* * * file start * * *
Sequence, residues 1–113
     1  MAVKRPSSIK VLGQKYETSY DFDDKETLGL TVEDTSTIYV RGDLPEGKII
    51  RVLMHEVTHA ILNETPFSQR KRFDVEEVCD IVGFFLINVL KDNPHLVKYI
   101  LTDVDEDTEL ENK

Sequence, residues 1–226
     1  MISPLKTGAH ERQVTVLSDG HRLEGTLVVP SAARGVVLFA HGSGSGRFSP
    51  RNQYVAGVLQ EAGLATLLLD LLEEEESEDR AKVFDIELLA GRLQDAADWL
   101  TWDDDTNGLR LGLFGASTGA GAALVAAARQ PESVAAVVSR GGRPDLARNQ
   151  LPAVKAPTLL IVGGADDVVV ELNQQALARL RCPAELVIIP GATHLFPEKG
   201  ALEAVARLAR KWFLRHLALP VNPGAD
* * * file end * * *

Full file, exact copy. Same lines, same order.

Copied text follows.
Sequence, residues 1–113
     1  MAVKRPSSIK VLGQKYETSY DFDDKETLGL TVEDTSTIYV RGDLPEGKII
    51  RVLMHEVTHA ILNETPFSQR KRFDVEEVCD IVGFFLINVL KDNPHLVKYI
   101  LTDVDEDTEL ENK

Sequence, residues 1–226
     1  MISPLKTGAH ERQVTVLSDG HRLEGTLVVP SAARGVVLFA HGSGSGRFSP
    51  RNQYVAGVLQ EAGLATLLLD LLEEEESEDR AKVFDIELLA GRLQDAADWL
   101  TWDDDTNGLR LGLFGASTGA GAALVAAARQ PESVAAVVSR GGRPDLARNQ
   151  LPAVKAPTLL IVGGADDVVV ELNQQALARL RCPAELVIIP GATHLFPEKG
   201  ALEAVARLAR KWFLRHLALP VNPGAD